Co-operation and co-ordination are the name of the systems game. As Fritjof Capra writes:

The more one studies the living world the more one comes to realise that the tendency to associate, establish links, live inside one another and co-operate is an essential characteristic of living organisms. [1]

So when Kierkegaard talks of "experience" as defining our existence as humans, he seems to be operating from a somewhat more subjective view of the world than either he would have liked or than can today be sustained. Our experience is, when we step back and take a good look, intimately and inextricably interwoven with the rest of existence. The "existential", the quality of being, is therefore a property not of individuals but of the planet as a whole within the context of the entire universe. 

A E McGrath points out that in philosophical parlance, the term "experience" has acquired an extended meaning:

It has come to refer to the inner life of individuals, in which those individuals become aware of their own subjective feelings and emotions. It relates to the inward and subjective world of experience, as opposed to the outward world of everyday life. [2]

While Christian tradition emphasises the uniqueness and freedom of each individual, there is also a strong thread which lays great stress on humanity's participation in and responsibility for the whole of the created world. In that respect, Kierkegaard was perhaps too close to the mechanistic perceptions of his time. Neither we nor the planet are like wind-up machines.

As a consequence of his philosophy, Kierkegaard thought that all attempts at providing Christianity with justification for its teachings were not only doomed to failure, but were irreligious in nature. He held instead that a correct approach to being a good Christian was through an attitude which placed special emphasis on life experience. Passionate faith, not thought, is what gives us our distinctive character within God's creation. Abstract theories and doctrines are concepts which can't be truly tested until they are lived out. 

This conviction surfaced again and again in the next century through those who proposed that the light of reason can take a Christian only so far. The rest of the pilgrim's journey is, as it were, in the dark. Once again, it is apparent that he ignored or did not perceive the complex pattern of inter-relatedness which gives us what we call "life". Experience is therefore multifaceted because it is inextricably bound up with all other experience, including theoretical thinking.

Today we are acutely aware both of subjectivity and of relativity. All subjective experience is unique. It can only be reported on. So when Kierkegaard refers to "experience" he can only know his experience - that unique relationship to the world that each one of us has.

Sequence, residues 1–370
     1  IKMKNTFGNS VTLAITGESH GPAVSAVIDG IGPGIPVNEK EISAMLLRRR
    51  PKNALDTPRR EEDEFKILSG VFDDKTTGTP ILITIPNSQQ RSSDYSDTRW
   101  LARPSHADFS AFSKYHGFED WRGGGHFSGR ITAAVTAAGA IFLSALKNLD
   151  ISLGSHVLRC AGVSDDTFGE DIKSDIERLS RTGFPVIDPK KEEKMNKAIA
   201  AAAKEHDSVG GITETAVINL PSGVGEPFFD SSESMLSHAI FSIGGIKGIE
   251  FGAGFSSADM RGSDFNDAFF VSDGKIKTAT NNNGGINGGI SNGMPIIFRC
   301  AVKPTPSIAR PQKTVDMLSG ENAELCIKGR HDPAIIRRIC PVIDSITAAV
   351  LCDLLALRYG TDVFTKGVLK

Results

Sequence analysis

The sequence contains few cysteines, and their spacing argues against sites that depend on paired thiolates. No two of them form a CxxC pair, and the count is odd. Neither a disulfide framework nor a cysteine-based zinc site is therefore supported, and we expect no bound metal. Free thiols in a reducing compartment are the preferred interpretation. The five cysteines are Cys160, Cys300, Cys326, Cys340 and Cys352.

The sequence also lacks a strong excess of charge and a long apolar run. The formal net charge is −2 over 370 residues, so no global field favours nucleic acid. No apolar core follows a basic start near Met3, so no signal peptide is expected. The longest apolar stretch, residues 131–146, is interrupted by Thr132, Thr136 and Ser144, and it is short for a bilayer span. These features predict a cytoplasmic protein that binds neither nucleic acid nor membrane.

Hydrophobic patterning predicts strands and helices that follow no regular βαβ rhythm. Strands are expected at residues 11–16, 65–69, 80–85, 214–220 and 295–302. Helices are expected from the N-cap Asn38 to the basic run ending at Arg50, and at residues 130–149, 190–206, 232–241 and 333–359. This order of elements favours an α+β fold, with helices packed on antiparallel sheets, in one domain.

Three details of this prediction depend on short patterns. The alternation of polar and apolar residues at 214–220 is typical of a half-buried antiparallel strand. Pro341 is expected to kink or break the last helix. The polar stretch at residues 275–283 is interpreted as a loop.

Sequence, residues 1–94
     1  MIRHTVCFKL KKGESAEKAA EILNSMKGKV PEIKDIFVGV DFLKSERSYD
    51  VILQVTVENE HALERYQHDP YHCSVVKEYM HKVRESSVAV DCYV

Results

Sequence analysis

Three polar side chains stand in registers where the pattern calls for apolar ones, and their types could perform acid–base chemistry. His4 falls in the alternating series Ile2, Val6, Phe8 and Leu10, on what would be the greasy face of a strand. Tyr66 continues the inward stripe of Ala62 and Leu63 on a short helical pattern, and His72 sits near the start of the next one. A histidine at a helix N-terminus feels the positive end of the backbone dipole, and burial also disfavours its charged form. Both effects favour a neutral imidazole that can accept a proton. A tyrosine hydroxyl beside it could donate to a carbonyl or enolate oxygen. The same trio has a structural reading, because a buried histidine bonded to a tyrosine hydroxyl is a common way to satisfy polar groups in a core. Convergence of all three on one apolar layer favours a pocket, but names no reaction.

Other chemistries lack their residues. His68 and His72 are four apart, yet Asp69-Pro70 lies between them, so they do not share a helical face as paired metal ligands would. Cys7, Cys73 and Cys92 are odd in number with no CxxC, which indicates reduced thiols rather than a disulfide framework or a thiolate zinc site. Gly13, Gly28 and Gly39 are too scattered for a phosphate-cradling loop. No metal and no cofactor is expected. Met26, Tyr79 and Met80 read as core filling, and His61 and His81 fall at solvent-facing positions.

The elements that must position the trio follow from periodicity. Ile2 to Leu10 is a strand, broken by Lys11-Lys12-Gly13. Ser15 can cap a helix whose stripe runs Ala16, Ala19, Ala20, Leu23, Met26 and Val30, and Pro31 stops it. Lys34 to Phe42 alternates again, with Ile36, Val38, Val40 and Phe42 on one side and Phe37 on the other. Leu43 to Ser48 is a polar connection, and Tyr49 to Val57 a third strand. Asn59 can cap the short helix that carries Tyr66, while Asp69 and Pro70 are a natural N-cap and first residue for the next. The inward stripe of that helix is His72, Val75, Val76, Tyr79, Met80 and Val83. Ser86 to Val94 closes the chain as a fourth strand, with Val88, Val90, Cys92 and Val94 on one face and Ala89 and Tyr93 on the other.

We each perceive the world through our individual lenses. While we share the same period of time, and the same culture, none of us shares either the same upbringing, the same contexts or the same perspective. The same event is perceived and interpreted differently by different individuals. You will experience an event in your way, and I in mine. Experience - the "existence" of Existentialism - is not the solid base Kierkegaard thought it was. It is relative to a host of different factors in each of us.

Looking once again behind the scenery on the Christian stage, it may be possible to notice an important similarity between traditional doctrine and Kierkegaard's thought. 

The Church at large teaches that fundamental truth rests not in reason but in revelation. We can think through certain things - but other things we must find out for ourselves by experiencing God's communications to us. This information comes first through the Bible and then through the Church's interpretation of Scripture. 

Both types are not ultimately open to reason, except in the sense that we think about what God has told us. The effect of both are a depth of conviction which derives not from consideration but from an emotional, passionate response.

Kierkegaard studied both philosophy and theology. In his time, the only philosophy taught in Danish universities was that of Hegel. The latter held that nothing is ultimately and completely real except the whole - and in that sense, thought itself is an entire system, almost like an organism. He asserted that the real is rational, and the rational is real. Only when facts are perceived in their place within the entire whole can we speak of rationality. 

In a very real sense, Hegel set Western thinkers on a course for the present integrative systems approach to the universe.

As an out-and-out radical thinker, Kierkegaard could not go with the Hegelian approach. He preferred to emphasise that the aim of the philosopher is to be an individual to the full - since in existing, not in just reflecting, is to be found truth. His phrase was "�in the crowd is untruth".

Kierkegaard maintained that systematic philosophy not only imposes  a false perspective on human existence but also, by explaining life  in terms of logical necessity, is a means of avoiding choice and responsibility. Individuals, he believed, create their own natures  through their choices, which must be made in the absence of  universal, objective standards.